Costly signaling. The main idea behind the theory of costly signaling is that individuals differ in characteristics that determine their attractiveness to others as social and/or sexual partners but that are not directly or reliably observable (Spence 1973; Zahavi 1975). By engaging in costly helping, those individuals who can afford the respective costs, e.g., because they are physically fit or wealthy enough to do so, can reliably signal two characteristics that increase their attractiveness: their physical or economic capabilities and their prosociality. Such unforgeable public displays, in turn, increase the chances for the signalers to benefit from social interaction with choosey high-quality partners later on, by whom they might otherwise have been ignored (for further discussion, see, e.g., Barclay 2011).

Direct and indirect reciprocity. While the recipients of help eventually play no role other than causing a cost to the signaler in costly signaling theory, they are more important for the theories of direct and indirect reciprocity (Nowak and Sigmund 2005; Trivers 1971). Direct reciprocity theory assumes that the initial cost of helping is eventually overcompensated by the returns from a longer-term cooperative partnership between the helper and the recipients of help that results from this initial act of benevolence. Indirect reciprocity theory, on the other hand, assumes that helper and recipient might never meet again. Instead, the cost of helping here is compensated indirectly through help that the helper herself receives from third parties later on who base their decisions to help on reputation. In order to maintain a good reputation, and thus to receive help if needed, one must help others if they are in need. Hence, under regimes of indirect reciprocity, costly helping buys helpers access to a community of cooperative social partners and eventually makes them better off than living in a community of non-helpers (for further discussion, see, e.g., Roberts 2008).

As we have just seen, the three previous theories assume delayed, but positive, direct benefits to the helper, i.e., D later  > 0. One might be tempted to interpret this assumption as meaning that these theories only work in case helpers always survive, because otherwise they cannot benefit from these delayed direct fitness benefits. This is not the case, though. All that D later  > 0 requires is that there is a positive chance of surviving for the helper, because what counts from the evolutionary perspective is not the fate of any single individual, but rather the “average fate” of all bearers of a specific trait over a longer period of time, of course. Still, there are at least two theories that can potentially also explain the evolution of traits that lead to their bearers’ death with certainty, i.e., theories that work even if D later  < 0.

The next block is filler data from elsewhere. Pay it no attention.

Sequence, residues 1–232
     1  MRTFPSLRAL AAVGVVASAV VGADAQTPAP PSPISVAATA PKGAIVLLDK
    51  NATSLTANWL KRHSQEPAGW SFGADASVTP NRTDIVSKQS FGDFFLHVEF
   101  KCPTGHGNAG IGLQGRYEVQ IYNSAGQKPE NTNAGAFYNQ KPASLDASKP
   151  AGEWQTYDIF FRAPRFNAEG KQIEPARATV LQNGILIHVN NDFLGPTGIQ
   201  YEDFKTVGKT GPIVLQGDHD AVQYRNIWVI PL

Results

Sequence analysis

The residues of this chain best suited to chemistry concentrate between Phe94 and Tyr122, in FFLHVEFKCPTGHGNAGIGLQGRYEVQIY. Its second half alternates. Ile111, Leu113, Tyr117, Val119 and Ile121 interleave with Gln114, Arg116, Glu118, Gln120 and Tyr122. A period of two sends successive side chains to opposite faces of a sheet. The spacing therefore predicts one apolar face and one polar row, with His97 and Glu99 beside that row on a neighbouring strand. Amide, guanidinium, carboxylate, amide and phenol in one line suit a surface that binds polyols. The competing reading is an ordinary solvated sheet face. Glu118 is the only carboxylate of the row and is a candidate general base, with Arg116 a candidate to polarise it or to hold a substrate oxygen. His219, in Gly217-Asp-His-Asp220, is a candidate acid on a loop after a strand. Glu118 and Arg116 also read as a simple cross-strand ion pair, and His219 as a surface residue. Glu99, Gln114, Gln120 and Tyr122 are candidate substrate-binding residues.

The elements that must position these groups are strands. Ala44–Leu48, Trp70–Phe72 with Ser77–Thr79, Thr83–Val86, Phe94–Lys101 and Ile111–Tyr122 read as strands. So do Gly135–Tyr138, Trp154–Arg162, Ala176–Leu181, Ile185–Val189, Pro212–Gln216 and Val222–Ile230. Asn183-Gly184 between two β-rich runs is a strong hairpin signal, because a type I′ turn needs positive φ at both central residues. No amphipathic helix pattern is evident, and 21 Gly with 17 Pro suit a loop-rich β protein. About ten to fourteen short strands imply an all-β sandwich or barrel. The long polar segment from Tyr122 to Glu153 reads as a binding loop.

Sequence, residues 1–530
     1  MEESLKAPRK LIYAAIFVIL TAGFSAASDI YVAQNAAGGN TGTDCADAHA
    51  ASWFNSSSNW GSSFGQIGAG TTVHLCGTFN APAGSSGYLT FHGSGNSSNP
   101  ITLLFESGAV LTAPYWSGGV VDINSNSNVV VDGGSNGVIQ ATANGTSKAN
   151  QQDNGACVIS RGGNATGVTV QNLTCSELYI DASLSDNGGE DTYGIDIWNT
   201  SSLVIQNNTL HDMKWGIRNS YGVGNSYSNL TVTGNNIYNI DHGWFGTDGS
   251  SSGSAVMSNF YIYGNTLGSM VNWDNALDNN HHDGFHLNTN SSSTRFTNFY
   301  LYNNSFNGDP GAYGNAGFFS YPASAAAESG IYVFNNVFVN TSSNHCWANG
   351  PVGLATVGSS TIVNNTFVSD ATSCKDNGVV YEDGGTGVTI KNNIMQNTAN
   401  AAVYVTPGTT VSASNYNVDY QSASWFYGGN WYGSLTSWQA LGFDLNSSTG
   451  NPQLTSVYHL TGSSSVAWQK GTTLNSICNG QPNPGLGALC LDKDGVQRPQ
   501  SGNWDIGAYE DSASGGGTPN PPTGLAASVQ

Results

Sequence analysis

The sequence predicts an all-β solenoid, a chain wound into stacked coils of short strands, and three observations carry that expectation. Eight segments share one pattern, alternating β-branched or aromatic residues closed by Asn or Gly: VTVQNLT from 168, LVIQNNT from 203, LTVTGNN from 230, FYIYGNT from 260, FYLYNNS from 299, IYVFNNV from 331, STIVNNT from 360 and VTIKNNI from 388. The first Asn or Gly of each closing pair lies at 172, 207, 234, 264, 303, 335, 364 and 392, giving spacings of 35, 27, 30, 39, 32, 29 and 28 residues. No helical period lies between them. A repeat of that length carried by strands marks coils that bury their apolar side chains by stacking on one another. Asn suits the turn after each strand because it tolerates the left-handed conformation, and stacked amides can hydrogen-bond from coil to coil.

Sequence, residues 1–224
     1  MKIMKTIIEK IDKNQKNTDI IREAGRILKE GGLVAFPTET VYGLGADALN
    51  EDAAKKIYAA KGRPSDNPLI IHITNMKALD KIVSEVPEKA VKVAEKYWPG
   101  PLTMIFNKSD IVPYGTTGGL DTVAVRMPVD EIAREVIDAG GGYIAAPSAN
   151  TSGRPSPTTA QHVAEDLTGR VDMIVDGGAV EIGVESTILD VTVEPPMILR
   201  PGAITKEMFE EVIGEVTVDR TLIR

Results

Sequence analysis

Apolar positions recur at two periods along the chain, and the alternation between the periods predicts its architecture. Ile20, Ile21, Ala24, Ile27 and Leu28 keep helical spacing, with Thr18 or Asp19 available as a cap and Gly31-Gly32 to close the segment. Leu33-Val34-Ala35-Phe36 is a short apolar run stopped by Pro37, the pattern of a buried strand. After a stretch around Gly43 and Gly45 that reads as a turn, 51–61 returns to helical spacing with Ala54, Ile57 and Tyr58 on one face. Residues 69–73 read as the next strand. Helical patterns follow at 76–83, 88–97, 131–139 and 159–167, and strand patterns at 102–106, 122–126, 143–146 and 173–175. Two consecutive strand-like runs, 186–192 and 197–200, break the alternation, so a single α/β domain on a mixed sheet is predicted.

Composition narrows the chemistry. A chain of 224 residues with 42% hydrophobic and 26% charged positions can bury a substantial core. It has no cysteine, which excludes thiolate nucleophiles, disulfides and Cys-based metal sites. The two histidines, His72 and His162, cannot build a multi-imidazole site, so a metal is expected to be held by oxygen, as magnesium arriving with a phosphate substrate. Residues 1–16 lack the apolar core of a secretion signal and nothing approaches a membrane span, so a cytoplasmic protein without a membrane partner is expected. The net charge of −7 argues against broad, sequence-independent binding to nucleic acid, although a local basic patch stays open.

Inclusive reciprocity. The first of these theories, inclusive reciprocity, is an extension of the theory of indirect reciprocity (Albert and Rusch 2013). Its central idea is that reputation is not necessarily limited to individuals, but can span entire groups or families of individuals. If parental reputations are inherited by the offspring, e.g., altruistic behavioral traits can evolve that cause a parent’s death, if they lead to a sufficiently high increase of the offspring’s reputation, i.e., if they make I later sufficiently large. Note that under inclusive reciprocity, altruistic traits can evolve even if they do not benefit the offspring directly in any way and even if they cause immediate costs to them, because inclusive reciprocity works through delayed indirect benefits.

Kin selection. The other theory that is potentially able to explain the evolution of “lethal helping” is kin selection, i.e., inclusive fitness theory. Just like inclusive reciprocity, kin selection theory assumes that direct fitness costs to the helper are eventually compensated by indirect benefits, i.e., benefits to the helper’s kin. The main difference between the two theories is that inclusive fitness theory assumes that the act of helping itself causes these indirect benefits, while inclusive reciprocity assumes that they are mediated by the reputational gains that the act of helping causes for the offspring of the helper, i.e., by “family reputation.” Inclusive reciprocity, thus, requires that individuals are able to track reputations and to condition their behavior on them, while inclusive fitness theory is less demanding. Kin selection only requires that altruistic acts have positive indirect effects on helpers’ kin in the long run. Note that this does not even require that individuals are able to discriminate between kin and non-kin. All that is needed is a clustering of kin groups in a given population such that the average expected fitness consequences of helping are higher for relatives of the helper than for non-kin (Kümmerli et al. 2009).